Hamburg-American Line v. United States - 291 U.S. 420 (1934)
U.S. Supreme Court
Hamburg-American Line v. United States, 291 U.S. 420 (1934)
Hamburg-American Line v. United States
Argued February 7, 1934
Decided March 5, 1934
291 U.S. 420
1. An alien resident of the United States returning from a temporary visit abroad is a "nonquota immigrant." Immigration Act of 1924, § 4(b). P. 291 U. S. 422.
2. By §§ 10(a), (b), (c), (f), and 13(b), of the Immigration Act, and regulations thereunder, a permit to reenter granted to an immigrant who has been legally admitted to the United States and who departs therefrom temporarily, is the equivalent of an immigration visa for the purpose of determining his right to re admission, under § 13(a), and the liability of a steamship company for bringing him back, under § 16(a). P. 291 U. S. 422.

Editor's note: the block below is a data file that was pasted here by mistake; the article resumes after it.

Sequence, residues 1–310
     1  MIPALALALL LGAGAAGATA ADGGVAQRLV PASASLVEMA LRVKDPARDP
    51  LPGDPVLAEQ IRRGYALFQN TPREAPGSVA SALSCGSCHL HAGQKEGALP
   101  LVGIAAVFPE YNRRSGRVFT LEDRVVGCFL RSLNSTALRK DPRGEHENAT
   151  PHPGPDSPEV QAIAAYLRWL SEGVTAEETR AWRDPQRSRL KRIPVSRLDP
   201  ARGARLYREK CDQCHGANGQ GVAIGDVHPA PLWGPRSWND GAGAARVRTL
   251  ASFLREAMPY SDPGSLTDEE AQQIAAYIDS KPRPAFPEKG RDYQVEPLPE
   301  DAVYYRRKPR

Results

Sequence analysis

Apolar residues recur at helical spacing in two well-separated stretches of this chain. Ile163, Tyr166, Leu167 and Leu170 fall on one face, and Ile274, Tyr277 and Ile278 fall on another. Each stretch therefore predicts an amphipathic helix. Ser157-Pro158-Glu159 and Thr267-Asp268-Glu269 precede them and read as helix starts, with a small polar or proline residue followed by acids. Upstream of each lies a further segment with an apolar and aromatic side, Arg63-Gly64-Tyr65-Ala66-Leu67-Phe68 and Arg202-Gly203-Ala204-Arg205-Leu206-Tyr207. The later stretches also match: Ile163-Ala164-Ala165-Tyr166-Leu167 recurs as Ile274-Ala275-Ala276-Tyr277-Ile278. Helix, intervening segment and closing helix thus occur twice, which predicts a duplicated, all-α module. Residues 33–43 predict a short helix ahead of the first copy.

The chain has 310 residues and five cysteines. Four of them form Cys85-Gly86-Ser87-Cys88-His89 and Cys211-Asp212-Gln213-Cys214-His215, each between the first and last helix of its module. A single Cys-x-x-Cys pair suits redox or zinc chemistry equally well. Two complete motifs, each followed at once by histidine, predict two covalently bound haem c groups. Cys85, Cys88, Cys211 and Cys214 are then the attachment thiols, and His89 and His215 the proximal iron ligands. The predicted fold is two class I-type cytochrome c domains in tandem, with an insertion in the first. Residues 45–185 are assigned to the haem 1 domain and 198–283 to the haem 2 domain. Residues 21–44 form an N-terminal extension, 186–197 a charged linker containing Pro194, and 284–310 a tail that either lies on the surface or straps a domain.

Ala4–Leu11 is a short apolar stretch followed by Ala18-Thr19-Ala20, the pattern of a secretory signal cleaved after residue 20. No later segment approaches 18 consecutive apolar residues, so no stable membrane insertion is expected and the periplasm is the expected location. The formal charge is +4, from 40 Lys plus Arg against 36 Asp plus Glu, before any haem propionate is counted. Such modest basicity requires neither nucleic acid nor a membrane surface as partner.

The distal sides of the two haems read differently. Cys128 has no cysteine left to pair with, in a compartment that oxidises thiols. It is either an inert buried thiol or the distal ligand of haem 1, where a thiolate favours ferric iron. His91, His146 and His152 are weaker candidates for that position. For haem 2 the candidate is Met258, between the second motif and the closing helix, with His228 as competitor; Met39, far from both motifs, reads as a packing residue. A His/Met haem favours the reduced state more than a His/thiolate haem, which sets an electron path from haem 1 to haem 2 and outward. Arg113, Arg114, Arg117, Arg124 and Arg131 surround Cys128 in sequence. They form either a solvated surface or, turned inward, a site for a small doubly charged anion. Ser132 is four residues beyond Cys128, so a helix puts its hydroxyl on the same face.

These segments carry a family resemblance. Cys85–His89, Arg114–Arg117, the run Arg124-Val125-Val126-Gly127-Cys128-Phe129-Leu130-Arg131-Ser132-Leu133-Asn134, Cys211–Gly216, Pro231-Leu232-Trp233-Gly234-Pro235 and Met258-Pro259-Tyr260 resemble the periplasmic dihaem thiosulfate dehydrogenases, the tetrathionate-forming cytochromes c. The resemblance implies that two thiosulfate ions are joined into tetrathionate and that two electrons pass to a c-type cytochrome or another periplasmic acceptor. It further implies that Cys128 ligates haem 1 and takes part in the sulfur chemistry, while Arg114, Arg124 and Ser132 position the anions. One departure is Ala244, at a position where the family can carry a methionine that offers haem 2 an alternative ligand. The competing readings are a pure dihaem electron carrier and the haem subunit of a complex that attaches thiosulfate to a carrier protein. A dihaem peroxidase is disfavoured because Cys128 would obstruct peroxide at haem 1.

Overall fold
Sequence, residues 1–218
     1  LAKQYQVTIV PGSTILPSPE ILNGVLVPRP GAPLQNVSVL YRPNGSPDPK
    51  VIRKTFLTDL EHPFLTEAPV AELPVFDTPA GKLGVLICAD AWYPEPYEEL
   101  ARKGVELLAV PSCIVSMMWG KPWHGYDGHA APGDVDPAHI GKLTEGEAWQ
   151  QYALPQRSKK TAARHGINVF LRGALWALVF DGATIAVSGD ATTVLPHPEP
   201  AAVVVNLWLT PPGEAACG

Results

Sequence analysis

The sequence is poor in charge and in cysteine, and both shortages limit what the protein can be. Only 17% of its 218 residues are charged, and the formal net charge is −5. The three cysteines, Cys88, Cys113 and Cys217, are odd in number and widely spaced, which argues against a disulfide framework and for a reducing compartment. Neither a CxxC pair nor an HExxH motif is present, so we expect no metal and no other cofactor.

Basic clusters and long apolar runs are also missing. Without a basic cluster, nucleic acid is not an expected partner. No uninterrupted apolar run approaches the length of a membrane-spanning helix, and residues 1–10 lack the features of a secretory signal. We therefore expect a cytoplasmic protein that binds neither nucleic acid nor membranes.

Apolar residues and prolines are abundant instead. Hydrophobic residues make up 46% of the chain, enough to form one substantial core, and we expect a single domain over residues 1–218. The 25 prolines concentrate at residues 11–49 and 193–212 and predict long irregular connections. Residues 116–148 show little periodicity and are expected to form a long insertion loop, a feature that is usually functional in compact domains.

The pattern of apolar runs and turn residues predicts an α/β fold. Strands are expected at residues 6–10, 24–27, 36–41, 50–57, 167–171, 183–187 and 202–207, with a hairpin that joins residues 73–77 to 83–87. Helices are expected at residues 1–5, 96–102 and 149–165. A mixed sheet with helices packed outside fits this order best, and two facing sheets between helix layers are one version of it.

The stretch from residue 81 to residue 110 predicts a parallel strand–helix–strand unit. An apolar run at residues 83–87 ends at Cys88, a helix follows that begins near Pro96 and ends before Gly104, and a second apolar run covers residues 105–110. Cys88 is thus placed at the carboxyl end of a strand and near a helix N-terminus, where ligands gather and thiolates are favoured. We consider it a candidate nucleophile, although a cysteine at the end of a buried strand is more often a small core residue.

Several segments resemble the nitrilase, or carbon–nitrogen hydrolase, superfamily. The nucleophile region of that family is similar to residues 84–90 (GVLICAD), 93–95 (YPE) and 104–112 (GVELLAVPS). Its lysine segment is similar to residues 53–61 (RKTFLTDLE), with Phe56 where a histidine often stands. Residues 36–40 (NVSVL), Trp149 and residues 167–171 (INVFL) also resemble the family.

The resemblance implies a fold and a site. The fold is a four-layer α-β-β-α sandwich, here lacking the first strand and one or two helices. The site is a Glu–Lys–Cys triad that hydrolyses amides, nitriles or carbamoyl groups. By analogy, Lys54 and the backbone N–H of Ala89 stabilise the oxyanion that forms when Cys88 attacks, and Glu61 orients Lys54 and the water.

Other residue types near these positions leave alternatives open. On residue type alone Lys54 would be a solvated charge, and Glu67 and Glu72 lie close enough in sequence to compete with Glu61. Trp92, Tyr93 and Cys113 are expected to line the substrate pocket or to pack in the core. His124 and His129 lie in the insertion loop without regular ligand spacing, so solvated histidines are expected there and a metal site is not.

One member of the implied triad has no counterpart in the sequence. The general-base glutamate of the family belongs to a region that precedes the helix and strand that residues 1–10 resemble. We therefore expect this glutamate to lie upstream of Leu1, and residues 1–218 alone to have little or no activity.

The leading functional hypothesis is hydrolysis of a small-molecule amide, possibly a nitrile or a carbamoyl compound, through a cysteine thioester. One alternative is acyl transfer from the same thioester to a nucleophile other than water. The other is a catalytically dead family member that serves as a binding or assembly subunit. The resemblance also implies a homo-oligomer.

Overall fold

3. Where a steamship company brings in a nonquota immigrant without immigration visa or reentry permit, it is liable to fine under § 16 of the Act notwithstanding that the Secretary of Labor, acting on discretionary authority assumed to be conferred by § 13, admits him to the country, since subdivision (f) of § 13 provides that nothing in that section "shall authorize the remission or refunding of a fine, liability to which has accrued under Section 16." P. 291 U. S. 425.
4. Where an immigrant, unlawfully brought in without visa or reentry permit, is nevertheless admitted, the fine of $1,000 can legally be imposed on the steamship company under § 16(b) without requiring it to pay the passage money. P. 291 U. S. 426.
65 F.2d 369 affirmed.
Certiorari, 290 U.S. 615, to review the affirmance of a judgment dismissing the complaint in an action by a steamship company to recover a fine exacted under the Immigration Act.